Neisseria gonorrhoeae-derived heptose elicits an innate immune response and drives HIV-1 expression

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DOIResolve DOI: http://doi.org/10.1073/pnas.1303738110
AuthorSearch for: ; Search for: ; Search for: ; Search for: ; Search for: ; Search for: ; Search for: ; Search for: ; Search for: ; Search for: ; Search for:
TypeArticle
Journal titleProceedings of the National Academy of Sciences of the United States of America
ISSN0027-8424
Volume110
Issue25
Pages1023410239; # of pages: 6
Subjectheptose; heptose monophosphate; HldA protein; lipid A; toll like receptor 4; toll like receptor 5; unclassified drug; article; CD4+ T lymphocyte; Human immunodeficiency virus 1; innate immunity; mouse; mutagenesis; Neisseria gonorrhoeae; nonhuman; phenotype; priority journal; transposon; coinfection; inflammation; microbial-associated molecular pattern; pathogen-associated molecular pattern; sexually transmitted disease; Bacterial Proteins; CD4-Positive T-Lymphocytes; Coinfection; Female; Gonorrhea; Heptoses; HIV Infections; HIV Long Terminal Repeat; HIV-1; Humans; Jurkat Cells; Male; Neisseria gonorrhoeae; Toll-Like Receptor 5
AbstractClinical and epidemiological synergy exists between the globally important sexually transmitted infections, gonorrhea and HIV. Neisseria gonorrhoeae, which causes gonorrhea, is particularly adept at driving HIV-1 expression, but the molecular determinants of this relationship remain undefined. N. gonorrhoeae liberates a soluble factor that potently induces expression from the HIV-1 LTR in coinfected cluster of differentiation 4-positive (CD4+) T lymphocytes, but this factor is not a previously described innate effector. A genomewide mutagenesis approach was undertaken to reveal which component(s) of N. gonorrhoeae induce HIV-1 expression in CD4+ T lymphocytes. A mutation in the ADP-heptose biosynthesis gene, hldA, rendered the bacteria unable to induce HIV-1 expression. The hldA mutant has a truncated lipooligosaccharide structure, contains lipid A in its outer membrane, and remains bioactive in a TLR4 reporterbased assay but did not induce HIV-1 expression. Mass spectrometry analysis of extensively fractionated N. gonorrhoeae-derived supernatants revealed that the LTR-inducing fraction contained a compound having a mass consistent with heptose-monophosphate (HMP). Heptose is a carbohydrate common in microbes but is absent from the mammalian glycome. Although ADP-heptose biosynthesis is common among Gram-negative bacteria, and heptose is a core component of most lipopolysaccharides, N. gonorrhoeae is peculiar in that it effectively liberates HMP during growth. This N. gonorrhoeaederived HMP activates CD4+ T cells to invoke an NF-κB-dependent transcriptional response that drives HIV-1 expression and viral production. Our study thereby shows that heptose is a microbial-specific product that is sensed as an innate immune agonist and unveils the molecular link between N. gonorrhoeae and HIV-1.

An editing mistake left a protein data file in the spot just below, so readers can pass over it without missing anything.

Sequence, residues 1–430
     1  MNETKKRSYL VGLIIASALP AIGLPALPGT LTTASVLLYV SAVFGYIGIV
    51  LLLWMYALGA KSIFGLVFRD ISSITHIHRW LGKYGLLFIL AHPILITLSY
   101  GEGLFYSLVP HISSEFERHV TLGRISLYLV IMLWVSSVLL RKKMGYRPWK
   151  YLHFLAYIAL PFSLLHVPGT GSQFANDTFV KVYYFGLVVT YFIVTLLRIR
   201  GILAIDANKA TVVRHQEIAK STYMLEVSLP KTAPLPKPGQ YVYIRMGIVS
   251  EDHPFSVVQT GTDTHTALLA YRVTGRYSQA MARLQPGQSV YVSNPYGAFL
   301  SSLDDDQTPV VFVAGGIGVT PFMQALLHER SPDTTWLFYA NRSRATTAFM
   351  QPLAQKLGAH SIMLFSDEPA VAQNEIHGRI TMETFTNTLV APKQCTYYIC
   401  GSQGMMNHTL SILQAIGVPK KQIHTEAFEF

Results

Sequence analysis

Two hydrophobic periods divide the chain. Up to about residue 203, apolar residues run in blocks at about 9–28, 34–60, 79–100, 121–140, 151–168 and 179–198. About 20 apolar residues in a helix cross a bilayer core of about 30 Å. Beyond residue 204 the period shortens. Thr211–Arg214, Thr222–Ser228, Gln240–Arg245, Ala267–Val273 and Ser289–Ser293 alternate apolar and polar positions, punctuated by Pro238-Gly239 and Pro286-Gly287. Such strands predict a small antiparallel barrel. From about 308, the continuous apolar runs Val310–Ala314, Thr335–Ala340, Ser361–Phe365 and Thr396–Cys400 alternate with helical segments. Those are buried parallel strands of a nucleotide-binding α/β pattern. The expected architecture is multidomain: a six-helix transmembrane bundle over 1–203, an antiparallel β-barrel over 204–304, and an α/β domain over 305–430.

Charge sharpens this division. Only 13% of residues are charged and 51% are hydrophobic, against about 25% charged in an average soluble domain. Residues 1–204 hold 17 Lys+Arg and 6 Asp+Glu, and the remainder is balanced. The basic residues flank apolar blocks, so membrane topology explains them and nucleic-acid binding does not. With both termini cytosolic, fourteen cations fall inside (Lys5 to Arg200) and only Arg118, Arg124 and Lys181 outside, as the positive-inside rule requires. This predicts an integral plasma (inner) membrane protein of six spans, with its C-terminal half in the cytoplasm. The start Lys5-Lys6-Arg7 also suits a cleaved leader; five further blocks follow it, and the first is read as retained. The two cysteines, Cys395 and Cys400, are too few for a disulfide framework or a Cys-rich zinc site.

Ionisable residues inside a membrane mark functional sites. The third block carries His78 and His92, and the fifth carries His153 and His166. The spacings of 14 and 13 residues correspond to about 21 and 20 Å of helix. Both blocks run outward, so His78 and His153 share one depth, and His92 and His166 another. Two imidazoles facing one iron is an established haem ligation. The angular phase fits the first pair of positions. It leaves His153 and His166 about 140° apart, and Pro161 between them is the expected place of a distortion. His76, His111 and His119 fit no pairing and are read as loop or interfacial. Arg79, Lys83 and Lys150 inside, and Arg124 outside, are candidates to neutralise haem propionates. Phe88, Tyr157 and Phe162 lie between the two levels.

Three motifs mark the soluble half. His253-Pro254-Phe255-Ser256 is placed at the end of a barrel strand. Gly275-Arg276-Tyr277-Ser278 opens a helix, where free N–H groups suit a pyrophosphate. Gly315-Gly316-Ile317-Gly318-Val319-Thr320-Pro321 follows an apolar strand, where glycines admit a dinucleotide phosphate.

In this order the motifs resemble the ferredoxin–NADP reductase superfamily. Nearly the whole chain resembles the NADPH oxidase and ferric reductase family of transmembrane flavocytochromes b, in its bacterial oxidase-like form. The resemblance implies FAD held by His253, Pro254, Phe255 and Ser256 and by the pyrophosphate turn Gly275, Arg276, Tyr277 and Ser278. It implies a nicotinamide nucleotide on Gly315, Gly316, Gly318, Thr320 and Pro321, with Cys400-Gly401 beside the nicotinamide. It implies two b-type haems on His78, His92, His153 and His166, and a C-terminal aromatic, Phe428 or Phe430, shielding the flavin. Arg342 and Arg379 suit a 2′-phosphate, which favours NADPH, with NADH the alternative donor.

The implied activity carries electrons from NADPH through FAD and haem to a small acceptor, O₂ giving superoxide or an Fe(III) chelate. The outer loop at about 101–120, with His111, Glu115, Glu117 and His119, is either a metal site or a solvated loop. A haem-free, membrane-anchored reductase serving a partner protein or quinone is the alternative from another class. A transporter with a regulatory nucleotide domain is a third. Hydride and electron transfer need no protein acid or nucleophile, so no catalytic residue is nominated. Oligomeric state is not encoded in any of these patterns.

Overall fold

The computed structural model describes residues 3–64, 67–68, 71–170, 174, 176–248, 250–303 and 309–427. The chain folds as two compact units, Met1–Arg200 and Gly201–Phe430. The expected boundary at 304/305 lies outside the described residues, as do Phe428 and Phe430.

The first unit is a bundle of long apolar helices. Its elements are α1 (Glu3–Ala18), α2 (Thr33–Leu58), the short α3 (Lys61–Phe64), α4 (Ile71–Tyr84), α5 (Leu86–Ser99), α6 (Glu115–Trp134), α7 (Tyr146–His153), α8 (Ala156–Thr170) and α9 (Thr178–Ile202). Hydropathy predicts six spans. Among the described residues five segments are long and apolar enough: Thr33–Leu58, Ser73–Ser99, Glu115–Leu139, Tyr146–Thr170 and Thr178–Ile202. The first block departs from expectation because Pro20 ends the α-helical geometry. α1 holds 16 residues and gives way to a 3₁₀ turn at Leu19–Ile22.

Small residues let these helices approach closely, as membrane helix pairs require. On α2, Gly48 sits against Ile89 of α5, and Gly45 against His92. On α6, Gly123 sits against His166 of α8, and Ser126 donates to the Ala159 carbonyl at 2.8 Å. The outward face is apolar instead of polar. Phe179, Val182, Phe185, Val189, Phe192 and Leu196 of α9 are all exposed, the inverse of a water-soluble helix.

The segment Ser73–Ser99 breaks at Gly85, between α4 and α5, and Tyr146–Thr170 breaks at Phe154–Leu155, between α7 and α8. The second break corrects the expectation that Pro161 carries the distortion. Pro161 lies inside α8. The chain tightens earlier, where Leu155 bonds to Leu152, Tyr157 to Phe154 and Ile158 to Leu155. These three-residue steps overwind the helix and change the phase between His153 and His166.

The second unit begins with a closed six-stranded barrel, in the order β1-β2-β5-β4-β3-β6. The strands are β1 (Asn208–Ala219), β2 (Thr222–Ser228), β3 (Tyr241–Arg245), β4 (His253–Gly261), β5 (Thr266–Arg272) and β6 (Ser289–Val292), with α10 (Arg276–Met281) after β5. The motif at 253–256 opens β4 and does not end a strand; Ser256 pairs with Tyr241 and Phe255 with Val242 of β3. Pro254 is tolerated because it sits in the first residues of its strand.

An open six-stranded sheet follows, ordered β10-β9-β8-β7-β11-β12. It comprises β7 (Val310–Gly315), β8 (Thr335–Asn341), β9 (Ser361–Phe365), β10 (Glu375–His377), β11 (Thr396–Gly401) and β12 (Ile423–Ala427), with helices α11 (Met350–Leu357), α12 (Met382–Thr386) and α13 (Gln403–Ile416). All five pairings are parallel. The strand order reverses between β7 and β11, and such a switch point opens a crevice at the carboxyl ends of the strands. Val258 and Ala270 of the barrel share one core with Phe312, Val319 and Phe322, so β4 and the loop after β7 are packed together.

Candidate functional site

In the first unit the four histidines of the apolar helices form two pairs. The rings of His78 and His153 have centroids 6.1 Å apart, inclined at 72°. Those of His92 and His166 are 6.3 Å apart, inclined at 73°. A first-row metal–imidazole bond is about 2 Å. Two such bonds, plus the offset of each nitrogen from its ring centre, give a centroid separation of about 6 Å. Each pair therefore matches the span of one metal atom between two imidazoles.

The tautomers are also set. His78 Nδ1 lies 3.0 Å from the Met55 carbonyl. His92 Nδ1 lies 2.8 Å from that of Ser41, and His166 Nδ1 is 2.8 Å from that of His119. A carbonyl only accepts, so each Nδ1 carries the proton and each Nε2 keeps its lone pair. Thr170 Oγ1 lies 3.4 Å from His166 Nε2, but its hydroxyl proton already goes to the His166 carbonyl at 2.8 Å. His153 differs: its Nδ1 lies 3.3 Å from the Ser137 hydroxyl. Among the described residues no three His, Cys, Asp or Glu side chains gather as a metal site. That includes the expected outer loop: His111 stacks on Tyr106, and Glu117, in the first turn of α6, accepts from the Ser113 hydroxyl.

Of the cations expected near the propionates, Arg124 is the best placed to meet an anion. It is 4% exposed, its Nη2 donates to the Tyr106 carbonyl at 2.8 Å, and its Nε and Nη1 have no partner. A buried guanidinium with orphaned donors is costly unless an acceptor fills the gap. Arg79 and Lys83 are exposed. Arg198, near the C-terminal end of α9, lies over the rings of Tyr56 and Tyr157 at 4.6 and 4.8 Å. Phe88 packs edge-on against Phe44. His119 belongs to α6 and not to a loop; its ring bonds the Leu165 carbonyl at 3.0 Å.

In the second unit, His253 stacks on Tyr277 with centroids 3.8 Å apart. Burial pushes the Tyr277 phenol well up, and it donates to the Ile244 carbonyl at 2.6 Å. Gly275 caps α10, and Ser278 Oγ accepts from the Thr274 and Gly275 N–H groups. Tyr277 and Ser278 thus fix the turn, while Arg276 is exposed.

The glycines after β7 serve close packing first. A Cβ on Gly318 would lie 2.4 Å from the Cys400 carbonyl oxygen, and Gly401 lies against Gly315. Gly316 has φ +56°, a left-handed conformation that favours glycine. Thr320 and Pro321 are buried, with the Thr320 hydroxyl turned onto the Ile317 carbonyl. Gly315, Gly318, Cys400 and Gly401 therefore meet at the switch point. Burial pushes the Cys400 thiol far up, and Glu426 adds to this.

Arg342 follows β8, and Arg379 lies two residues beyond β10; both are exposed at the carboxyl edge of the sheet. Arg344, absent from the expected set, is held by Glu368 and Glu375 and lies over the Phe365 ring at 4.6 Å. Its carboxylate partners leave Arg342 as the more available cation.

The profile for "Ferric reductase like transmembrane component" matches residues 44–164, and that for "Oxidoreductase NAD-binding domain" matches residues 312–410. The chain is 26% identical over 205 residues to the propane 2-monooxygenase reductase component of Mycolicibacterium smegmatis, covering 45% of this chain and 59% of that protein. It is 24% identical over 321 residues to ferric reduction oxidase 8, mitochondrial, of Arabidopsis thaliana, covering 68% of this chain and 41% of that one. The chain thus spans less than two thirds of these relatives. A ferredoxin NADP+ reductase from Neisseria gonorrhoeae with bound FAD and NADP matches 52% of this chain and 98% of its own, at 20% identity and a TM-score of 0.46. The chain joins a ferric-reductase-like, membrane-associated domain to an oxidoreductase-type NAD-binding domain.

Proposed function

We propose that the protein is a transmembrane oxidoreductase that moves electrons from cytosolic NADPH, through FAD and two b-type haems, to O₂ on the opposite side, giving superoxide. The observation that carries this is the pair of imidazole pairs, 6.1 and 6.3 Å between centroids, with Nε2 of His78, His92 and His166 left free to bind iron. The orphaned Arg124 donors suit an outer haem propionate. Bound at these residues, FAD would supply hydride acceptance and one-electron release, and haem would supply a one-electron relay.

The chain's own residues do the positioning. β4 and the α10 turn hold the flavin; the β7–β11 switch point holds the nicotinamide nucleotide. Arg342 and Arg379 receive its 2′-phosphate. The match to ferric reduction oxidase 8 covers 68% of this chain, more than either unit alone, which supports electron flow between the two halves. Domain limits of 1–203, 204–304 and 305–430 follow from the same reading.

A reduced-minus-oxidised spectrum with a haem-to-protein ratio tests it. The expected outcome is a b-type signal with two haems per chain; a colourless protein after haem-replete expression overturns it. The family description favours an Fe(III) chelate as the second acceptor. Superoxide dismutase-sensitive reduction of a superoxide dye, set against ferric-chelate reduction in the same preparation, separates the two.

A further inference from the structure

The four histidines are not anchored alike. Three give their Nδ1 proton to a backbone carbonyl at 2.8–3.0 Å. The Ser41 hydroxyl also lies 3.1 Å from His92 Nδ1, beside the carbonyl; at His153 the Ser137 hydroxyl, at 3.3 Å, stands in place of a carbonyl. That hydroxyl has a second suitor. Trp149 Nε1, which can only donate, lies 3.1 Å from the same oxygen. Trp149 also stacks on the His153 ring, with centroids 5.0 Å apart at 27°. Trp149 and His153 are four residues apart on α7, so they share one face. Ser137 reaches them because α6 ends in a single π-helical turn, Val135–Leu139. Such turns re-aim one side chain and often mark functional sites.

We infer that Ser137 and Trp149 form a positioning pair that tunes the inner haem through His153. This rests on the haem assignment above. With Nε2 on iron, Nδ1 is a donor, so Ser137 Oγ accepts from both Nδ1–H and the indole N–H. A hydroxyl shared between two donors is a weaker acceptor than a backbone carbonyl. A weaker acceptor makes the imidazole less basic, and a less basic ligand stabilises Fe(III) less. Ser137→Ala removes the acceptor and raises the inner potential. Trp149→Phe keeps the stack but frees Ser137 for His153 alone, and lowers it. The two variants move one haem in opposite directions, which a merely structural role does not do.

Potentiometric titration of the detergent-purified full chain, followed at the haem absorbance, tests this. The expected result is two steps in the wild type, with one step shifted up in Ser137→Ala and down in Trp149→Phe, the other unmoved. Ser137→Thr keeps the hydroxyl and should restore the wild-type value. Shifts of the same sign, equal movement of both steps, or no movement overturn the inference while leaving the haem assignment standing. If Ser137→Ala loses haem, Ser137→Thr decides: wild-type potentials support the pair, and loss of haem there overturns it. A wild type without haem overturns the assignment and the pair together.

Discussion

Publication date
LanguageEnglish
AffiliationNational Research Council Canada (NRC-CNRC)
Peer reviewedYes
NPARC number21270588
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Record identifier48de0760-5db0-49c4-827b-b4f74f2ff779
Record created2014-02-17
Record modified2016-05-09
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